Maybe now as the club embarks upon a freshening of the list, he will have the opportunity to use the platform he himself has helped to build to spring ahead of the rest.
It’s a simple equation really – so often people say that North has a bad list and a bad coach. So how is it that we’ve regularly performed at a half-way decent level?
If he looks like a doof in the box every now and then, well, I really don’t mind. We might not exist if he hadn’t done the job he has.
Majak Daw will be a best 22 player this year
Now don’t get me wrong – I am by all means a fan of Majak Daw and I would love to see him become a truly worthy AFL player at North Melbourne.
Many have him earmarked to be a clear part of the best 22 at North Melbourne this year, though, and that doesn’t make sense to me yet.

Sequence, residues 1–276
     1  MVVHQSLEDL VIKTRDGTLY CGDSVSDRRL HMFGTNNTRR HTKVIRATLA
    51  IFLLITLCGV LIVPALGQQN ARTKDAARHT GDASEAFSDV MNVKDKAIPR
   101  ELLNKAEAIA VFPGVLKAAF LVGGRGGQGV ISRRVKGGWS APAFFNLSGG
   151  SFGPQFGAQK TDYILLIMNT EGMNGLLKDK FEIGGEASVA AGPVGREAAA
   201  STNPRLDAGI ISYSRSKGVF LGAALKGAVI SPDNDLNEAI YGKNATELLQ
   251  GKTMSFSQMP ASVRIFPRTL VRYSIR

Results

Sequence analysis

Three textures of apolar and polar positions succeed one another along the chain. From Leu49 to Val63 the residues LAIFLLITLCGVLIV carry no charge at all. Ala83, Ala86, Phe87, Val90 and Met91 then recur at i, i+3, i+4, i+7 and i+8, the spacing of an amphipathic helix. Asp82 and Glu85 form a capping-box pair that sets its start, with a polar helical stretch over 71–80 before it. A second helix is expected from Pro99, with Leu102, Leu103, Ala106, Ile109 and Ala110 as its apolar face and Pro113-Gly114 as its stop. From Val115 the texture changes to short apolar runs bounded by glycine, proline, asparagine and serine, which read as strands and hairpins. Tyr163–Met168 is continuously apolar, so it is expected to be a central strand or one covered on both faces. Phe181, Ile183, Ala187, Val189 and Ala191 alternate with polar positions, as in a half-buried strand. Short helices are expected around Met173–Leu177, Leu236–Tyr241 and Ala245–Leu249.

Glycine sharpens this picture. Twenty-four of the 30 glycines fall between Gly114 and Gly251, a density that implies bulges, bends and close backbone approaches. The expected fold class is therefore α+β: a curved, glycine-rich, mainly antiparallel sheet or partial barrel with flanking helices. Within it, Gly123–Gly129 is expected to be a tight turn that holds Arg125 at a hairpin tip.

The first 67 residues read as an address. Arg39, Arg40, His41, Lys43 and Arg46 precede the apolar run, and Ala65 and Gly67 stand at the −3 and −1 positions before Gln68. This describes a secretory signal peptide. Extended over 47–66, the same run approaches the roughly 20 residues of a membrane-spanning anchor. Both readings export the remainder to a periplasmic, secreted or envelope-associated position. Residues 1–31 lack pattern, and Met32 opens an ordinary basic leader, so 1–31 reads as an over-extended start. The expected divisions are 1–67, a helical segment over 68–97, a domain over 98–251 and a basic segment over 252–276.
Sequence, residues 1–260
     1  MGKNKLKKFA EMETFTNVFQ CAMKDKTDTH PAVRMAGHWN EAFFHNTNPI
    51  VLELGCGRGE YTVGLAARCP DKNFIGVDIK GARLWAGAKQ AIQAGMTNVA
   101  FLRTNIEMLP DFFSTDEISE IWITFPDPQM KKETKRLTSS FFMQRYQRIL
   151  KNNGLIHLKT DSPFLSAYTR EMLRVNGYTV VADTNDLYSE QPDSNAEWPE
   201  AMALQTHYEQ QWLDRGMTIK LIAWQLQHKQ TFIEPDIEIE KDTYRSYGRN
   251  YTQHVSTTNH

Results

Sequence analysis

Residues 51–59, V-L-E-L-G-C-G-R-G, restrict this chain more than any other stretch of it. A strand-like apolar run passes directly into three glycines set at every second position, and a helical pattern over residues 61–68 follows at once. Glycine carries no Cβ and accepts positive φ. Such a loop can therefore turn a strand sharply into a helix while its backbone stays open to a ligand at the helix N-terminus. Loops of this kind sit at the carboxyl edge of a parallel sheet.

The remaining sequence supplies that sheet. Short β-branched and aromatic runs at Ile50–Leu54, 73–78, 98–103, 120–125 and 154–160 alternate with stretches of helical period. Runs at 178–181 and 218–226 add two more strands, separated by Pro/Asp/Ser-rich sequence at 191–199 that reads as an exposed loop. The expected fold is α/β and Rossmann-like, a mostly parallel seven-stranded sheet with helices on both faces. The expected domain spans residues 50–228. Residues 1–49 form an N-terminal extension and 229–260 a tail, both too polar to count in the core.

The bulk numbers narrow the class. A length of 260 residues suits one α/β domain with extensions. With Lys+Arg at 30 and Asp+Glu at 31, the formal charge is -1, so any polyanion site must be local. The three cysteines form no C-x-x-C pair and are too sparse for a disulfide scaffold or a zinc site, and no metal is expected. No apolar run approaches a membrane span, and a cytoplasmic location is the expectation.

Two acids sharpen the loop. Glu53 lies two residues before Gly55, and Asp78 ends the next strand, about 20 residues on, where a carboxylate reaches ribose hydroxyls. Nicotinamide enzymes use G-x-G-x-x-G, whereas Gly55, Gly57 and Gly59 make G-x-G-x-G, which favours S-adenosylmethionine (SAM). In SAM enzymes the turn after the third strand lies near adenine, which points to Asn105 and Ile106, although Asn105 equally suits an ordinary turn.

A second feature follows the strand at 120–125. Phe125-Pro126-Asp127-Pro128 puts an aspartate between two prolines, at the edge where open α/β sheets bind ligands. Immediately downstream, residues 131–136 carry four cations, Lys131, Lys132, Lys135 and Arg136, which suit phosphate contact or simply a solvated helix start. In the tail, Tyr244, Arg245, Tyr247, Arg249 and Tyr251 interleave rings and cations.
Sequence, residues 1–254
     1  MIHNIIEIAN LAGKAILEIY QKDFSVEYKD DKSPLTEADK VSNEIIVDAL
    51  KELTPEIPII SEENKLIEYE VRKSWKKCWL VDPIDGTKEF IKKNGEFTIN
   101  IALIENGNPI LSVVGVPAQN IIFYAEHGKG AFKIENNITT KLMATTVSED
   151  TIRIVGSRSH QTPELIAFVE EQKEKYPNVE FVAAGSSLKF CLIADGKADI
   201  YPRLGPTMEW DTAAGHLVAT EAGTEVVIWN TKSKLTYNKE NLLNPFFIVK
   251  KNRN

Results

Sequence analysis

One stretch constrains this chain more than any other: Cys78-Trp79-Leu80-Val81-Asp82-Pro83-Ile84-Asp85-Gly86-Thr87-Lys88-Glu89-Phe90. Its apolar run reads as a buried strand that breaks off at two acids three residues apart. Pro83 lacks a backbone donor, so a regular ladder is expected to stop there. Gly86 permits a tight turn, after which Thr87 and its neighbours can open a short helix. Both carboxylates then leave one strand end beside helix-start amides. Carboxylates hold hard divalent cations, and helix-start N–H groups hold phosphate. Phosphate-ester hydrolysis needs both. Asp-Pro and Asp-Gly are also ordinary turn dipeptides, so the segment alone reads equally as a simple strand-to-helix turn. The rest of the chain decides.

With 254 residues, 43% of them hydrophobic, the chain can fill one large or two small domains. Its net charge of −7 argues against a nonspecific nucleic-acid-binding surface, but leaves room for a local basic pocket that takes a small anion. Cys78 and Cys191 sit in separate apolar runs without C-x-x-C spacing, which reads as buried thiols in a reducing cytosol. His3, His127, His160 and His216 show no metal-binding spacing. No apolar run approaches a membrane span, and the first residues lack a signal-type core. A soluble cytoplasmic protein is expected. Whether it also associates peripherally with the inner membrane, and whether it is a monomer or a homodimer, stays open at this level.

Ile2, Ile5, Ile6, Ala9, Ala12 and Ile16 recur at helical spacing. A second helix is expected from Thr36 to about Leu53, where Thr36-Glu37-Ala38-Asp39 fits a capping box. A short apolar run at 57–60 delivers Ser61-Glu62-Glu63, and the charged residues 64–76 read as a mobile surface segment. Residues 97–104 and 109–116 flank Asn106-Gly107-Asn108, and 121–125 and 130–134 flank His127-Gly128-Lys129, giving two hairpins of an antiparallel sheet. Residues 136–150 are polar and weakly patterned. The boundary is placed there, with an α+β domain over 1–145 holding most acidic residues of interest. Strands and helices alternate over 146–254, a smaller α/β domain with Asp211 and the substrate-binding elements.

You’re either playing him as a forward or a ruckman – and I don’t think there is room for either in the ideal North Melbourne side.
If he’s a ruckman, he’s got to wait behind Todd Goldstein – and it’s possible that Braydon Preuss could be ahead of him here now.
If he’s a forward, he’s got to wait behind Jarrad Waite, Ben Brown and Mason Wood – and in time, Ben McKay too, most likely.
He will probably play Round 1 given Mason Wood is going to miss the first few weeks with a hamstring, and maybe he can cement a spot.
But at the moment, putting him in North’s best side is a bit premature.